More than 5,000 TONS of stinking garbage is piled up around Paris
Ewww la la! More than 5,000 TONS of stinking garbage is piled up around Paris, with streets smelling of rotting fish as strikes continue over Emmanuel Macron’s pension reforms
- Tension has been simmering over plans to increase retirement age from 62 to 64
- The unpopular bill that would raise the retirement age has got a push forward
- Uncollected garbage has piled up in Paris as workers go on strike amid plans
The streets of Paris have been left smelling of rotting fish due to more than 5,000 tons of garbage piling up around the city as workers continue to strike over Emmanuel Macron’s hated pension reforms.
Tension continues to grow in the French capital – as demonstrated by violent protests last week – with millions furious at the president’s attempt to increase the retirement age from 62 to 64.
The unpopular bill, which would put France’s retirement age more in line with its EU neighbours and the UK, got a push forward with the French Senate’s adoption of the measure, despite strikes and protests spiralling out of control.
French Prime Minister Elisabeth Borne tweeted late on Saturday after the 195-112 vote that she looked forward to the bill’s definitive passage to ‘assure the future of our retirement’ system.
But as furious labour unions oppose the bill, Paris City Call confirmed some 5,400 tons of garbage have piled up around the capital, while other cities are facing similar problems as binmen continue to strike. Services in other sectors, such as energy and transportation, have also been affected previously.
Paris City Hall confirmed that some 5,400 tons of garbage is piled up across Paris as strikes continue
Millions in France are furious at President Emmanuel Macron’s attempt to increase the retirement age from 62 to 64
As binmen continue to strike, the smell of rotting fish and other food has wafted across the city
Uncollected garbage overflowing into pavements near the Notre-Dame cathedral in Paris
The vast amount of garbage has also been spotted in front of the building where the Senate meets. The stench of rotting fish and other food wafted in the wind, especially around some restaurants.
News outlet CNews quoted Colombe Brossel, deputy mayor for sanitation, as saying the problem was mainly due to blocked incinerators.
The showcase legislation of President Macron – which carries risks for the government – must now move through tricky political territory with multiple potential outcomes.
Prime Minister Elisabeth Borne called a Sunday night meeting and ordered ministers to seek a consensus among lawmakers in the days ahead.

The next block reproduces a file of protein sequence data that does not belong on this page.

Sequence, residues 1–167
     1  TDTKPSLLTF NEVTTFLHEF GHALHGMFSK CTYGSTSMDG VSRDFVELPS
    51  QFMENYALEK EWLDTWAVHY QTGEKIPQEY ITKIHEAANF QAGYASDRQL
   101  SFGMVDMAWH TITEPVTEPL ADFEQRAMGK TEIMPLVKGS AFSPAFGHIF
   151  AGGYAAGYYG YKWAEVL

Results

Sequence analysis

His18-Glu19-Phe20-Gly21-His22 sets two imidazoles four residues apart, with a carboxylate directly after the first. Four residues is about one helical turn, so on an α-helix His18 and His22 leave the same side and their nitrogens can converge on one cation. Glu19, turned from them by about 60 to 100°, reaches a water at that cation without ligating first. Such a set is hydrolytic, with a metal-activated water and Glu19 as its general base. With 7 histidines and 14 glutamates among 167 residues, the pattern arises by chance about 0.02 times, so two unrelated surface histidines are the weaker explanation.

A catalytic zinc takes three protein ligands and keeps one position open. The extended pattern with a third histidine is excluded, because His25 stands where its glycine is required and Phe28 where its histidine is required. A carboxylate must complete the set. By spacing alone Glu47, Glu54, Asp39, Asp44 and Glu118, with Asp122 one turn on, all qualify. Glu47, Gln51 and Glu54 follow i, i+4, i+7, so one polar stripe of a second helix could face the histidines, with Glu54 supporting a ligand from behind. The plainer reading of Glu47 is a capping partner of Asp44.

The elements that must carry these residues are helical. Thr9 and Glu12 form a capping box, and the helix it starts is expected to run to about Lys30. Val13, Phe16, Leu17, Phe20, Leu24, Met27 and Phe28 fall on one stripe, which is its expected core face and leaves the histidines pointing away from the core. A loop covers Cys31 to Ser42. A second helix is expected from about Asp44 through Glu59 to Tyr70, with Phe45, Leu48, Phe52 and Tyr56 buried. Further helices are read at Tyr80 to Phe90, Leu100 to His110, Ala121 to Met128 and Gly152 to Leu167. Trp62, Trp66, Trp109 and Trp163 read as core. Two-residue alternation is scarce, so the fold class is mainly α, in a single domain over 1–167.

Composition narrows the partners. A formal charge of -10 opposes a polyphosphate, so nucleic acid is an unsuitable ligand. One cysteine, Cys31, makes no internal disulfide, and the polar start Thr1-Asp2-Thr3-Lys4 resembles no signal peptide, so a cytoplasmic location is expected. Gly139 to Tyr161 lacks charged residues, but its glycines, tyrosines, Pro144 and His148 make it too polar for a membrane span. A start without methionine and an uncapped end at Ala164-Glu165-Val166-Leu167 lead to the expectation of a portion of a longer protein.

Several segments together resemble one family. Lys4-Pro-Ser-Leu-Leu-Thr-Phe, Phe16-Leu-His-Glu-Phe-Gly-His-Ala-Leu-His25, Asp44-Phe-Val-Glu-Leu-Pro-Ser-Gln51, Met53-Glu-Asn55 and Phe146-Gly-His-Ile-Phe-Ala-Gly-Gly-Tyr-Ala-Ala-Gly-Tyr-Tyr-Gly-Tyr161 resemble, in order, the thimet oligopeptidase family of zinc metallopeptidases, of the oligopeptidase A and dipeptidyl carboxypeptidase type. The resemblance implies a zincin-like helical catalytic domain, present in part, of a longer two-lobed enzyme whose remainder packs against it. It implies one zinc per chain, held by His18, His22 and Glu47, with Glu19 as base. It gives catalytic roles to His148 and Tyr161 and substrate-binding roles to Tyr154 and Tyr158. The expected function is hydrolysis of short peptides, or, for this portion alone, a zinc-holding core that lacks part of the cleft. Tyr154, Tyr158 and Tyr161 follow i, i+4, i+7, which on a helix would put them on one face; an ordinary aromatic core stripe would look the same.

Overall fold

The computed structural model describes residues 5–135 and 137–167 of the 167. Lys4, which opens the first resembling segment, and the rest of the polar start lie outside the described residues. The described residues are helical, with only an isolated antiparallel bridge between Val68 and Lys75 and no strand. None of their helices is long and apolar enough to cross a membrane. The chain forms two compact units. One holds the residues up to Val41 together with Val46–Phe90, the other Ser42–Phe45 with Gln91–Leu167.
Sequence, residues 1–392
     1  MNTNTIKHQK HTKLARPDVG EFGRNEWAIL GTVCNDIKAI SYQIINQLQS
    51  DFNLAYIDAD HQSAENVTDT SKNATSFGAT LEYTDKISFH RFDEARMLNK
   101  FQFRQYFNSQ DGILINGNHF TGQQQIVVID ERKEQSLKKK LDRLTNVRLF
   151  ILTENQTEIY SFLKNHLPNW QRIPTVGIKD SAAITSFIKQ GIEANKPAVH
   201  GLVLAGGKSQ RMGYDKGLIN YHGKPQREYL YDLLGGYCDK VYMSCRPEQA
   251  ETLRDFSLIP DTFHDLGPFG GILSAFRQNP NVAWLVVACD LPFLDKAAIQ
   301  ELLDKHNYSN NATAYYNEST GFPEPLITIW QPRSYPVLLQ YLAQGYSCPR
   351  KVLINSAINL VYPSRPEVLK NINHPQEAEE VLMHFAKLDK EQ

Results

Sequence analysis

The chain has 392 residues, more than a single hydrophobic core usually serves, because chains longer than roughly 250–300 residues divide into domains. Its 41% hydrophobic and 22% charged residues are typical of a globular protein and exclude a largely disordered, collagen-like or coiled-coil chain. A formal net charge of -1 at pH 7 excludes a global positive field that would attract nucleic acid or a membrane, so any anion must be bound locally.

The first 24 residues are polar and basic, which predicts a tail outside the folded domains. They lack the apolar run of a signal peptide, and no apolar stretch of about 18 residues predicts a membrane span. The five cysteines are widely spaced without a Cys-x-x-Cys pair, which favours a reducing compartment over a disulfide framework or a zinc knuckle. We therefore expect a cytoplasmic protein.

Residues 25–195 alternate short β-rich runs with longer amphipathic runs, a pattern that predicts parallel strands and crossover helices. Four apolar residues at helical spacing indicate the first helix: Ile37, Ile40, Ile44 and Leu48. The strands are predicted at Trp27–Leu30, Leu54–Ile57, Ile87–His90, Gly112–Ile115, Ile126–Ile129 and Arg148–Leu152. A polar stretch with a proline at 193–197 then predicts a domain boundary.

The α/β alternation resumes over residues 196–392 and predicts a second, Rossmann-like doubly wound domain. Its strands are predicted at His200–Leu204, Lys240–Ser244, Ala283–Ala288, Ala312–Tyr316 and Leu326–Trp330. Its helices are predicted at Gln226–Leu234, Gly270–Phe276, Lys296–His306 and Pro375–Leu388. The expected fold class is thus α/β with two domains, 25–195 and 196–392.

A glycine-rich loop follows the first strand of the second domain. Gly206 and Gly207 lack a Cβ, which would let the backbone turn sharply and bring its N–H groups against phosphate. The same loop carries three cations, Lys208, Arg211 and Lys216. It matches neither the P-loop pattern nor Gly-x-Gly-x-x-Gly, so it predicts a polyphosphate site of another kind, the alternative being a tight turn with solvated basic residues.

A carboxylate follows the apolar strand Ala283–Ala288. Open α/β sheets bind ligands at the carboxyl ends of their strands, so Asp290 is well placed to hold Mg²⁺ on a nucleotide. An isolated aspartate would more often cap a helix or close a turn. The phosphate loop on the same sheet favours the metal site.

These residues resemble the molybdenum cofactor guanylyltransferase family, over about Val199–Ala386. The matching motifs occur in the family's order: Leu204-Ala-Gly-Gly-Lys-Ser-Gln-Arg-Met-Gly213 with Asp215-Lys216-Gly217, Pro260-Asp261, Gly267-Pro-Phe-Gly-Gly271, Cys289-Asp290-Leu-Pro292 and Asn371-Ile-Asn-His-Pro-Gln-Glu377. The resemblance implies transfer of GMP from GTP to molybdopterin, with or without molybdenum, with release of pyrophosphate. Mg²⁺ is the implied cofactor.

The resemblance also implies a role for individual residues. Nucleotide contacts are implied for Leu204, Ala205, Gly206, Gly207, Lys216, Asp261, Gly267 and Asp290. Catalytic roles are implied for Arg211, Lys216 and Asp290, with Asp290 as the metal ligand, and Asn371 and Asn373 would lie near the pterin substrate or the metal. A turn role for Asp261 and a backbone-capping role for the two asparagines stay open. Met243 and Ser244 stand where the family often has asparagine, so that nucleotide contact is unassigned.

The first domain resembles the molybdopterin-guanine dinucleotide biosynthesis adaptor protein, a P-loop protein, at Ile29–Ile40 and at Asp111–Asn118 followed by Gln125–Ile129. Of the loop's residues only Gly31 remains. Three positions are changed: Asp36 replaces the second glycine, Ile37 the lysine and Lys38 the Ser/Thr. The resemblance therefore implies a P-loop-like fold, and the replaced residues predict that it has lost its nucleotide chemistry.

The government hopes it won’t need to resort to a special constitutional option that would force the pension reform through without a vote. Borne has used that mechanism 10 times before, and invoking it for the politically delicate retirement issue could trigger a no-confidence motion.
Olivier Veran, a spokesman for the government, stressed after the meeting that they want to avoid employing the constitutional option. But when questioned, he added, ‘We won’t renounce our reform of the retirement’ plan.
Paris is set for further misery as Unions have planed more strikes and an eighth round of nationwide protests on Wednesday, the day the pension bill heads to a committee of seven senators and seven lower-house lawmakers.
Strikes are expected to continue as unions fail to back down over Macron’s showcase reforms
Bins and uncollected garbage bags have been spotted overflowing onto the roads of Paris
Parisian residents have been forced to walk past overflowing garbage as protests spiral out of control
On Tuesday, 1.28million people took to the streets in demonstrations across the country, the highest turnout in the sixth day of protest against the reform this year.
The joint committee is tasked with finding a compromise between the Senate and National Assembly versions of the legislation.
Parliamentary approval would give a large measure of legitimacy to the pension plan, the reason the government hopes to refrain from invoking its special constitutional power to pass the bill.
But there are multiple scenarios before the legislation could become law, making its path uncertain.
If the committee reaches an accord Wednesday, the approved text would be voted on the following day in both the Senate and the National Assembly.
However, the outcome in the National Assembly, where Macron’s centrist alliance lost its majority last year, is hard to predict.
Violence erupted on the streets of Paris on Tuesday as thousands took to the streets across France to protest against pension reforms
Protestors threw objects at police officers and set fire to food in trolleys during a demonstration in Lyon, central France, on Tuesday
If the committee does not reach an agreement, the bill would likely return to the National Assembly for more debate and a vote, then get considered by the Senate before going back to the Assembly.
Prime Minister Borne tweeted her optimism that the measure would be ‘definitively adopted in the coming days.’
Macron has not yet responded to a union request for a ‘citizens’ consultation’ on the legislation.
Unions maintain that French people are voting their opposition to the reform in the streets and through strikes. Protests on Saturday drew far fewer people than a previous round of marches on Tuesday.
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